1761: Haydn: Symphony No. 5 in A major (ADAGIO HIGH HORN), age 29

Mr. Peabody Says:

This may be a companion to #11, which is also a “church sonata”. In such symphonies all movements are in the same key and alternate between slow and fast for four movements.

Adam Fischer:

  1. Adagio ma non troppo
  2. Allegro
  3. Menuet and Trio
  4. Presto


  • 2 oboes
  • bassoon
  • 2 horns
  • strings
  • continuo

Church sonata:

Haydn composed a few early symphonies that had four movements that went slow – fast – slow – fast. This form is called a “”church sonata”, but by the time of Haydn it was not played in churches. So when you see the first movement marked “adagio”, and it’s long, the symphony is probably a church sonata. Symphony No. 11 is similar.

High horns:

The opening slow movement and the trio in the third movement feature very high horn parts. Such horn parts are incredibly difficult to play, so the horn players who worked for Haydn must have been incredibly good. Since those horn players had to used natural horns – no valves – their skill was off the chart.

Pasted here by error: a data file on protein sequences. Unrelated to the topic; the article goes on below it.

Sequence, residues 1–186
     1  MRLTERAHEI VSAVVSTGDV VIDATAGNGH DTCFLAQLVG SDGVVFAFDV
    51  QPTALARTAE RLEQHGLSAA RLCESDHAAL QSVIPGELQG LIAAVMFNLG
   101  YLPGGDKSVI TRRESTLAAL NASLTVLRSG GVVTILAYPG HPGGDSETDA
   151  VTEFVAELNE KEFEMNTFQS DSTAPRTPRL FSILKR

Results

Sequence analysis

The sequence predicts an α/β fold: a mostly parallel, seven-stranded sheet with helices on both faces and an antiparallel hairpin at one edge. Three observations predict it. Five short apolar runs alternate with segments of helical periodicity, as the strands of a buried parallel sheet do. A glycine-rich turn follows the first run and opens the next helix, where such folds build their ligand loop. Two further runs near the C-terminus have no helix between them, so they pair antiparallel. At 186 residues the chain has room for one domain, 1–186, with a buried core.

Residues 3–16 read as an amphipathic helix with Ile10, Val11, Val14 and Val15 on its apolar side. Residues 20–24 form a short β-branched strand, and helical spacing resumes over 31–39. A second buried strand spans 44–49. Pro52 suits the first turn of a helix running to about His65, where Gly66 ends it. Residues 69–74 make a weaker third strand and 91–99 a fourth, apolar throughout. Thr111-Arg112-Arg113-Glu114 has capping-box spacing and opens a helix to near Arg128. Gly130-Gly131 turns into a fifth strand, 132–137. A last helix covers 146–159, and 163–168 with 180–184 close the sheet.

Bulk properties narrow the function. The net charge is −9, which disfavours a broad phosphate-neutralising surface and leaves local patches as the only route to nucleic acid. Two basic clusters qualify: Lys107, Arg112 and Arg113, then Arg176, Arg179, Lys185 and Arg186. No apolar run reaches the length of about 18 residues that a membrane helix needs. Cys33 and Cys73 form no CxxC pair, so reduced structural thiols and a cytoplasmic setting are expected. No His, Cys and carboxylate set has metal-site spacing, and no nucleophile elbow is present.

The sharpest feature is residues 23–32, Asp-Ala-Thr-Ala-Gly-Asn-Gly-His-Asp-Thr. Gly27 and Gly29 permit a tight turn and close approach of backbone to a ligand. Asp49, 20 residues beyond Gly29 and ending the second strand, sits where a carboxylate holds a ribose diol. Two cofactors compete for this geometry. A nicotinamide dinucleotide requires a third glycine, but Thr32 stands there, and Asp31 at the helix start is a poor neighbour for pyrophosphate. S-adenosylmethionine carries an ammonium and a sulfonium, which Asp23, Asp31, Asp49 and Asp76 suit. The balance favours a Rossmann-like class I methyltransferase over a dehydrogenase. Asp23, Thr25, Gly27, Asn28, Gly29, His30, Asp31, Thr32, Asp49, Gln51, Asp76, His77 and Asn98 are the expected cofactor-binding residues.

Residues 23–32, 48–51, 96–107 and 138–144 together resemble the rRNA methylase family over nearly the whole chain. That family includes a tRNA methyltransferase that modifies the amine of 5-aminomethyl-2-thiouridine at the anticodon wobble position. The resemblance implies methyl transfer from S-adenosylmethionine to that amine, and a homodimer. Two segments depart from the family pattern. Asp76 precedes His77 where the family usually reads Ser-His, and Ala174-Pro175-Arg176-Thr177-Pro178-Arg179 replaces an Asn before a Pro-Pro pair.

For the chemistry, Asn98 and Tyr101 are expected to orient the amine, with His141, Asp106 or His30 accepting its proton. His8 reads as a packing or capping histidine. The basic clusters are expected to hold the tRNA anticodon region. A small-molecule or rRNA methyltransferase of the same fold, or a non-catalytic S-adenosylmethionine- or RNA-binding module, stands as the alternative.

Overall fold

Morzin or Esterhazy?

This is believed to have been written between 1760 and 1762, so the time of composition is not exact. So Haydn wrote this either at the end of his time with Morzin or right when he started his new job.

2 thoughts on “1761: Haydn: Symphony No. 5 in A major (ADAGIO HIGH HORN), age 29”

  1. I was particularly interested in hearing the high horn parts, which I did. It would have been interesting to compare it to the horns without valves. I believe, some time ago, you sent some recordings of groups using those horns.

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